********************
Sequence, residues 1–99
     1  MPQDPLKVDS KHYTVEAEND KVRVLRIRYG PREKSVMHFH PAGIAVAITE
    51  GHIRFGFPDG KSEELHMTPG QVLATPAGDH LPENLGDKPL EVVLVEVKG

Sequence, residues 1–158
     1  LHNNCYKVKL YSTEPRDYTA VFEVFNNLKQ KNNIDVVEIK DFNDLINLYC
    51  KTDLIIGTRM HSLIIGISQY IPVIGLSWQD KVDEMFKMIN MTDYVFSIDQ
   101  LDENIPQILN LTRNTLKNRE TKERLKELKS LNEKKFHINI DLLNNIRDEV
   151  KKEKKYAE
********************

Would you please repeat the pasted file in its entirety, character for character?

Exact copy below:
Sequence, residues 1–99
     1  MPQDPLKVDS KHYTVEAEND KVRVLRIRYG PREKSVMHFH PAGIAVAITE
    51  GHIRFGFPDG KSEELHMTPG QVLATPAGDH LPENLGDKPL EVVLVEVKG

Sequence, residues 1–158
     1  LHNNCYKVKL YSTEPRDYTA VFEVFNNLKQ KNNIDVVEIK DFNDLINLYC
    51  KTDLIIGTRM HSLIIGISQY IPVIGLSWQD KVDEMFKMIN MTDYVFSIDQ
   101  LDENIPQILN LTRNTLKNRE TKERLKELKS LNEKKFHINI DLLNNIRDEV
   151  KKEKKYAE